It's the day after the annual Thanksgiving holiday in the United States when Americans hit the shopping malls in search of special bargains that mark the start of the holiday shopping season. This day is significant for what it indicates about the U.S. economy, which is struggling with a declining housing market, record high gas and oil prices and recession fears. From Washington, VOA's Margaret Besheer has more.
Shoppers began lining up outside department and electronics stores in early hours of the morning Friday to take advantage of retailer's deep discounts on everything from clothes to big-screen televisions.
"I'm in line 17 hours beforehand because I'm going to be saving two-and-a-half months worth of money in rent," said this shopper.
Retailers call the day after Thanksgiving "Black Friday" because the traditional surge in shopping turns many of their account ledgers from "red" - indicating a deficit - to "black" - showing a profit.
But while Black Friday is expected by some analysts to be the busiest day of the season, it is not a predictor of how retailers will fare overall in the holiday season.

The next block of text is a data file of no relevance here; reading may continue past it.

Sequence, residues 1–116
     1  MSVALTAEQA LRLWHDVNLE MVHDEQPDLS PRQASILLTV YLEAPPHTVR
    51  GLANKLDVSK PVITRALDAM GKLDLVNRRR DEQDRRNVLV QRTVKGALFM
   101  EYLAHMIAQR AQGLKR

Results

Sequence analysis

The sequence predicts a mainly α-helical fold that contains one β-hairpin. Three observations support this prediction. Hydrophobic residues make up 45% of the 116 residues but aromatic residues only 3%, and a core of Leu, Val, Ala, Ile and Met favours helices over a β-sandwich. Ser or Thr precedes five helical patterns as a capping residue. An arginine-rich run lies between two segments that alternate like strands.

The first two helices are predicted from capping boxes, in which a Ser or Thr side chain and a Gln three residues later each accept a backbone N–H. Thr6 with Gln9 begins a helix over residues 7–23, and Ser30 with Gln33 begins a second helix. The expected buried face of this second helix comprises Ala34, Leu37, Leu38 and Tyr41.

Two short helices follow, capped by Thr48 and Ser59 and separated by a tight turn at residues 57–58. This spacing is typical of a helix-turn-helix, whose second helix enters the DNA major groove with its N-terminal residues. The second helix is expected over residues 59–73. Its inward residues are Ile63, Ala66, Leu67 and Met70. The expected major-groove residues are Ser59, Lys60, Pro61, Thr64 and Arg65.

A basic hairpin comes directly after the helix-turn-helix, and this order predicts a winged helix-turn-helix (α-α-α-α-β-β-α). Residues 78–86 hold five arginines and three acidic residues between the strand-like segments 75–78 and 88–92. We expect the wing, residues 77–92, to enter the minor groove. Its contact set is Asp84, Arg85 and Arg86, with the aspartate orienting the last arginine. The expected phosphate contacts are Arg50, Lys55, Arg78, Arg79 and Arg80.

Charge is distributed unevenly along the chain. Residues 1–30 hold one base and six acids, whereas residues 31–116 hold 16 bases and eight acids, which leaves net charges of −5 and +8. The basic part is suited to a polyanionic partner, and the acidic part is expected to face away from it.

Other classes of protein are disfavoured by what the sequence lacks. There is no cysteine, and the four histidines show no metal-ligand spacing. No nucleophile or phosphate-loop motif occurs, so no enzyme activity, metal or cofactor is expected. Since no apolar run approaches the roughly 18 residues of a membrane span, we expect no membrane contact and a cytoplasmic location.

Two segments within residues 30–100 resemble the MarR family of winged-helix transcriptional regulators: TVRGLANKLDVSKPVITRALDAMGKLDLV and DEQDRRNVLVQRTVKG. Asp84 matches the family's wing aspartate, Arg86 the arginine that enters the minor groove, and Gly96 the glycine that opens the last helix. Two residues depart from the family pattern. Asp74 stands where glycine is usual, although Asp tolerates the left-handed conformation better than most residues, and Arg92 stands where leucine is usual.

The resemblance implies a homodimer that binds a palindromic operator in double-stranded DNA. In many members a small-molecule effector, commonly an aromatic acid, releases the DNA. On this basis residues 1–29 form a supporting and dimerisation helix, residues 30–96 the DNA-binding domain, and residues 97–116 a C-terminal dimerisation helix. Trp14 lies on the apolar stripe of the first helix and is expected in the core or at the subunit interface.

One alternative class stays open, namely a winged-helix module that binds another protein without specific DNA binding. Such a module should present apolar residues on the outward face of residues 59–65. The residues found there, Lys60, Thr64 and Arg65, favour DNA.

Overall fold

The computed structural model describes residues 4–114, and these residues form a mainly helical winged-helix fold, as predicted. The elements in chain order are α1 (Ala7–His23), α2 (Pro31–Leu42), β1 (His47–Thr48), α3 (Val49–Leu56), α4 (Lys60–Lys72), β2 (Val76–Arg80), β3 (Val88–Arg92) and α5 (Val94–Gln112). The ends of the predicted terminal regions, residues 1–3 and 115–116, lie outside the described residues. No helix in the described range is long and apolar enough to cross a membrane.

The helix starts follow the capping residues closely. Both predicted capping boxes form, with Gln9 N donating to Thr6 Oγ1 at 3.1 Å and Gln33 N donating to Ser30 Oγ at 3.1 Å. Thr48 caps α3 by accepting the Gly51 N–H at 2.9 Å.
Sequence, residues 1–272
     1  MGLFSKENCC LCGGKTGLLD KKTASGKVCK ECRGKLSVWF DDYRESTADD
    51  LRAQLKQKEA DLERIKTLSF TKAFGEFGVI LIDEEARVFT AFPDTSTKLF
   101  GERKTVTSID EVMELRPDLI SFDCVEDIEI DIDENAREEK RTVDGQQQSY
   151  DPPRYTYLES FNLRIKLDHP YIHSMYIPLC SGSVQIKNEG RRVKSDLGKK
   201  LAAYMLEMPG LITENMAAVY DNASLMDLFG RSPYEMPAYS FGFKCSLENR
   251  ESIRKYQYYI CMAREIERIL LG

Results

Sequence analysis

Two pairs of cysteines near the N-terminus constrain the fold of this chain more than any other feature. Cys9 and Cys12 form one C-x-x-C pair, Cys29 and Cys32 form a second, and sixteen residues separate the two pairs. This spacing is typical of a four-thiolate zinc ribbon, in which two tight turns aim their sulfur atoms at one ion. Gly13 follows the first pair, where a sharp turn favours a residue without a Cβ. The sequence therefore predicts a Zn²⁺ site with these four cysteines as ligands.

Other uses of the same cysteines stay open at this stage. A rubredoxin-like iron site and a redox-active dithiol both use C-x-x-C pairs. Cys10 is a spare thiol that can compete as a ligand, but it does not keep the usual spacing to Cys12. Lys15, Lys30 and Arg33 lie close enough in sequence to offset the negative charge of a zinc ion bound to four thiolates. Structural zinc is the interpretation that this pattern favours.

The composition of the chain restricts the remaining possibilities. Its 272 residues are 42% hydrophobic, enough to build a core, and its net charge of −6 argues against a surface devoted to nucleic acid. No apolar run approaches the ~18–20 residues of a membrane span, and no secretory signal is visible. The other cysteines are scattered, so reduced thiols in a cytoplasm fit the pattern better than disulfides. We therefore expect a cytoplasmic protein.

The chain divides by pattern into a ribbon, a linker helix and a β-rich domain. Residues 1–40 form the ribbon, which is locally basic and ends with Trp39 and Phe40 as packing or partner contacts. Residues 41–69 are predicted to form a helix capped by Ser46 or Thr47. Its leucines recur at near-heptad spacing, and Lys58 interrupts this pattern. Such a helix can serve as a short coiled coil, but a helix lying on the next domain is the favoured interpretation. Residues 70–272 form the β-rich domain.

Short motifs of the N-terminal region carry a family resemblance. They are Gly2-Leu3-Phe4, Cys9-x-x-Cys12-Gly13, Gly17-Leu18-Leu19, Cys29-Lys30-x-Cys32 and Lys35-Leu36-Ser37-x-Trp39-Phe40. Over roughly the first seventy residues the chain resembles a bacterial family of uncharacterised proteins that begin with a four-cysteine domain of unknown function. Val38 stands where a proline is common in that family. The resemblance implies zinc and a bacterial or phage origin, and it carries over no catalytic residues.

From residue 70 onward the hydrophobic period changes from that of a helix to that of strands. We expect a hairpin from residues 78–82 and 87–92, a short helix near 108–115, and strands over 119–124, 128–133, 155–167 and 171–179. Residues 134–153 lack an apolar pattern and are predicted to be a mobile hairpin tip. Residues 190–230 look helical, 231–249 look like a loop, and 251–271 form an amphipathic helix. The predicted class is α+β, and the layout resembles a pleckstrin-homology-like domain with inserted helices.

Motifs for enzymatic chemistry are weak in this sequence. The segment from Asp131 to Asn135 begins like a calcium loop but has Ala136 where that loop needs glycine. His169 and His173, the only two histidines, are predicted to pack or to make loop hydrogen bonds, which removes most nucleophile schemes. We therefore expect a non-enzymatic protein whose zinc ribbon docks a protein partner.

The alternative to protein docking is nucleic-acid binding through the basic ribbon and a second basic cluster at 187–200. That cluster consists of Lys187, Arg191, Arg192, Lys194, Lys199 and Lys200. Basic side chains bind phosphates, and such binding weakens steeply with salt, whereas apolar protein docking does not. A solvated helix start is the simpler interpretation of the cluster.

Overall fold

"They are going to come out early and buy, take advantage of the sales, and then go away and sit on their wallets for a while," said retail analyst Wendy Liebman.
Last year, retailers had a good start during the Thanksgiving weekend, but struggled in the countdown to the Christmas holiday in late December. This year, analysts expect sales gains to be the weakest in five years, as shoppers worry about a declining housing market, rising oil and gas prices, a weak dollar and recession fears.
The United States is the biggest importer of raw materials and manufactured goods. If U.S. consumers do not open their wallets this holiday season, it will have a big impact on countries who export to the United States.